The horns of the reindeer are developed at a most unusually early age; but what the cause of this may be is not known. The effect has apparently been the transference of the horns to both sexes. We should bear in mind that horns are always transmitted through the female, and that she has a latent capacity for their development, as we see in old or diseased females. (9. Isidore Geoffroy St.-Hilaire, ‘Essais de Zoolog. Generale,’ 1841, p. 513. Other masculine characters, besides the horns, are sometimes similarly transferred to the female; thus Mr. Boner, in speaking of an old female chamois (‘Chamois Hunting in the Mountains of Bavaria,’ 1860, 2nd ed., p. 363), says, “not only was the head very male-looking, but along the back there was a ridge of long hair, usually to be found only in bucks.”) Moreover the females of some other species of deer exhibit, either normally or occasionally, rudiments of horns; thus the female of Cervulus moschatus has “bristly tufts, ending in a knob, instead of a horn”; and “in most specimens of the female wapiti (Cervus canadensis) there is a sharp bony protuberance in the place of the horn.” (10. On the Cervulus, Dr. Gray, ‘Catalogue of Mammalia in the British Museum,’ part iii. p. 220. On the Cervus canadensis or wapiti, see Hon. J.D. Caton, ‘Ottawa Academy of Nat. Sciences,’ May 1868, p. 9.) From these several considerations we may conclude that the possession of fairly well-developed horns by the female reindeer, is due to the males having first acquired them as weapons for fighting with other males; and secondarily to their development from some unknown cause at an unusually early age in the males, and their consequent transference to both sexes.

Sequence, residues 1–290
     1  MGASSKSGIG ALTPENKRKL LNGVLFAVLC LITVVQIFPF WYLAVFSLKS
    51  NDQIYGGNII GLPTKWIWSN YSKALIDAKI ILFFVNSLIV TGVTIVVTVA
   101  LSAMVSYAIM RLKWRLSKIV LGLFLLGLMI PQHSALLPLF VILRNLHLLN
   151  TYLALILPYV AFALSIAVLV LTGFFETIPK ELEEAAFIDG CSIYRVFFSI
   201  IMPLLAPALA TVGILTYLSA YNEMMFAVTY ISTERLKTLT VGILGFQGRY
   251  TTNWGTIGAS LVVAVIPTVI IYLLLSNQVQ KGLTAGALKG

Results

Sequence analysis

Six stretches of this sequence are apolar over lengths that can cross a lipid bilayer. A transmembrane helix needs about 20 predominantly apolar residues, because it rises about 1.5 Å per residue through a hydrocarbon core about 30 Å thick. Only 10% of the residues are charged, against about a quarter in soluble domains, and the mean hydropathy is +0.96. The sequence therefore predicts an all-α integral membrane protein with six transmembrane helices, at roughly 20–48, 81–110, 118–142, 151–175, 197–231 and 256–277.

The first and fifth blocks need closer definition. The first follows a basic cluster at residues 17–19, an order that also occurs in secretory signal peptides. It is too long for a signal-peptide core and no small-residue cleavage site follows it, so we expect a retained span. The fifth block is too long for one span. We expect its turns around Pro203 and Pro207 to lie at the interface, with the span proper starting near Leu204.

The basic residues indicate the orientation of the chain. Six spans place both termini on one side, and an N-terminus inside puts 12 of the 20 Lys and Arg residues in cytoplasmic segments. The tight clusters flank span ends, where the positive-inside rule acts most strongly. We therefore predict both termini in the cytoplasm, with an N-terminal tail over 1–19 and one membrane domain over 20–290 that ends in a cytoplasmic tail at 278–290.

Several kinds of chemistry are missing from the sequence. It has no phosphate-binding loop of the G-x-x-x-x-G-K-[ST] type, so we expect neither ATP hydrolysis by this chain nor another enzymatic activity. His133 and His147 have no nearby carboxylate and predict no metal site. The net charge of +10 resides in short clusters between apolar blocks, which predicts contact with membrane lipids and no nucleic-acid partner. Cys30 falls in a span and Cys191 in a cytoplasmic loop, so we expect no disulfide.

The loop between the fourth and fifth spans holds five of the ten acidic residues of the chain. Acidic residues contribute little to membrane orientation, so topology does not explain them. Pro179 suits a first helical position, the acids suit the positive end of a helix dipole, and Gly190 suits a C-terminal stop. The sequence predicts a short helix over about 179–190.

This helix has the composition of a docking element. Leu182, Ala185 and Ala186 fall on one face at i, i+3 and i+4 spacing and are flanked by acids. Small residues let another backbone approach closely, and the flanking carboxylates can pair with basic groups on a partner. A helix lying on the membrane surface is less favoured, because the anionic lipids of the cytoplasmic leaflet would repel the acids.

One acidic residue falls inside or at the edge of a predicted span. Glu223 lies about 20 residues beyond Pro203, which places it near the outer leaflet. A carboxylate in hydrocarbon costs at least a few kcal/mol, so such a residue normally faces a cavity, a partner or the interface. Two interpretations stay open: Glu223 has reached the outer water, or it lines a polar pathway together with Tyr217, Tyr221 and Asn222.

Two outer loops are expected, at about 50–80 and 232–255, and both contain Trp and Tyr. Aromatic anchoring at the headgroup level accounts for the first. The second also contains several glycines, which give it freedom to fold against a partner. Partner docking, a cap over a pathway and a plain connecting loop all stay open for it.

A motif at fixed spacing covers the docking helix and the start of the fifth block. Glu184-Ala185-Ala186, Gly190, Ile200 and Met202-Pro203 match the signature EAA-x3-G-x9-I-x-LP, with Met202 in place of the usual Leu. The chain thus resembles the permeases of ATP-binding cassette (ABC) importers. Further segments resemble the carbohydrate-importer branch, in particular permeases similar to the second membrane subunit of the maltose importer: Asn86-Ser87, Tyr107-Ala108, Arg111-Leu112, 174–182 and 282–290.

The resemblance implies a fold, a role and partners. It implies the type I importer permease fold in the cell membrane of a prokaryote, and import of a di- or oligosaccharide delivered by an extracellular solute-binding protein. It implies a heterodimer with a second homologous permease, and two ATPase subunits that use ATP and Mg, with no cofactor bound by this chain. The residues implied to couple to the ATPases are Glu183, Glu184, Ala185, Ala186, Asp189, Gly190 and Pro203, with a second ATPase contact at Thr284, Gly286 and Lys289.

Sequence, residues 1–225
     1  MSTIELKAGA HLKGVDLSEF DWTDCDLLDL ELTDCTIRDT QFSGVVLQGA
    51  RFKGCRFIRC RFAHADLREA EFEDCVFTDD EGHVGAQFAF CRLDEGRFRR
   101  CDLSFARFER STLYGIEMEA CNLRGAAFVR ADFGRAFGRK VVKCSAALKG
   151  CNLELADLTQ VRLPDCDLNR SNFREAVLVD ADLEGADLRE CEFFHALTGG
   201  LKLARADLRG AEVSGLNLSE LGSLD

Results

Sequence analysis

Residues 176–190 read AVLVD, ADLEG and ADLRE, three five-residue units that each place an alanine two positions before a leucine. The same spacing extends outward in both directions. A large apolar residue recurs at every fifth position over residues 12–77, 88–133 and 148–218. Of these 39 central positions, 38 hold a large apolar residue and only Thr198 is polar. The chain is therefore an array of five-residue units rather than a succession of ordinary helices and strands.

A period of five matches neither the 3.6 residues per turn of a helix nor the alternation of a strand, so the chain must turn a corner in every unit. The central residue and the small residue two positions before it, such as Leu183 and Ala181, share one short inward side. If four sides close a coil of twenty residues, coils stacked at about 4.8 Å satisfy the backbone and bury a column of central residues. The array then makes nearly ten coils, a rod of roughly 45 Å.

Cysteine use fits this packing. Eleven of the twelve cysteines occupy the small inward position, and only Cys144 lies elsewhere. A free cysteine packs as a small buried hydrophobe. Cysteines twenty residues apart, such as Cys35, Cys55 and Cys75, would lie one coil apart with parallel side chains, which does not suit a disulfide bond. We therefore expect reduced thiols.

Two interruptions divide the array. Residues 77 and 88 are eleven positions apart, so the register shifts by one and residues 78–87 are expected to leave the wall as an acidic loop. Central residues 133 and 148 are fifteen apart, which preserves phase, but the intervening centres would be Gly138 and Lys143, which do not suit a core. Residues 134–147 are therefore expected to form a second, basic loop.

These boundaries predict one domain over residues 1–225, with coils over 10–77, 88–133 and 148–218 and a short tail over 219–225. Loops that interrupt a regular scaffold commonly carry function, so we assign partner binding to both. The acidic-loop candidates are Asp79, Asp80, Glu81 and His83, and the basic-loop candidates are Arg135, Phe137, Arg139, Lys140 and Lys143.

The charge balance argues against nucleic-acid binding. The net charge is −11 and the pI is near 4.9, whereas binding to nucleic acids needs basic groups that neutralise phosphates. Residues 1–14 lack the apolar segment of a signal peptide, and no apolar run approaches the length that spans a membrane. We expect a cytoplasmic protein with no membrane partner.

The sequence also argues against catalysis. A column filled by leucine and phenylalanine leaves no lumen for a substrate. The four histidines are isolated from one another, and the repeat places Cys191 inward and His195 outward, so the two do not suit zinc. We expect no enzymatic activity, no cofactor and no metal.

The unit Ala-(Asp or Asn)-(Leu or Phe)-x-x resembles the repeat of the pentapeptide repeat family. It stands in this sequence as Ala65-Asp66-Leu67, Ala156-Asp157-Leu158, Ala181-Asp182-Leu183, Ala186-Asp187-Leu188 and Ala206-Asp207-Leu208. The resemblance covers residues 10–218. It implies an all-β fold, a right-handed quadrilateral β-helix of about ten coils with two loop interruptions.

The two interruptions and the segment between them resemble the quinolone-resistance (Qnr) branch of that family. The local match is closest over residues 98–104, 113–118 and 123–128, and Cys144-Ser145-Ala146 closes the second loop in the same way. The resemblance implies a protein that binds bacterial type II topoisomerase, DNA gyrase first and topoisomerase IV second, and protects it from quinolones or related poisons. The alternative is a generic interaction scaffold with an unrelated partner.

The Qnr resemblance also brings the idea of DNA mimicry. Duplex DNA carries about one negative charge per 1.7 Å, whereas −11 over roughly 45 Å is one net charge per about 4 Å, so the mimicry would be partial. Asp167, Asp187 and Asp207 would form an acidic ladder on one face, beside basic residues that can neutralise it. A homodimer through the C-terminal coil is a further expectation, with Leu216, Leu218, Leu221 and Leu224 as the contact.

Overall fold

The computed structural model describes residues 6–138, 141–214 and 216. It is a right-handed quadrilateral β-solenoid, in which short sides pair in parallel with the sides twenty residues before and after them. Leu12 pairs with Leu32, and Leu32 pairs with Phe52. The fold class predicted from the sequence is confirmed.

Turning to the sheath-horned ruminants: with antelopes a graduated series can be formed, beginning with species, the females of which are completely destitute of horns–passing on to those which have horns so small as to be almost rudimentary (as with the Antilocapra americana, in which species they are present in only one out of four or five females (11. I am indebted to Dr. Canfield for this information; see also his paper in the ‘Proceedings of the Zoological Society,’ 1866, p. 105.))–to those which have fairly developed horns, but manifestly smaller and thinner than in the male and sometimes of a different shape (12. For instance the horns of the female Ant. euchore resemble those of a distinct species, viz. the Ant. dorcas var. Corine, see Desmarest, ‘Mammalogie,’ p. 455.),–and ending with those in which both sexes have horns of equal size. As with the reindeer, so with antelopes, there exists, as previously shewn, a relation between the period of the development of the horns and their transmission to one or both sexes; it is therefore probable that their presence or absence in the females of some species, and their more or less perfect condition in the females of other species, depends, not on their being of any special use, but simply on inheritance. It accords with this view that even in the same restricted genus both sexes of some species, and the males alone of others, are thus provided. It is also a remarkable fact that, although the females of Antilope bezoartica are normally destitute of horns, Mr. Blyth has seen no less than three females thus furnished; and there was no reason to suppose that they were old or diseased.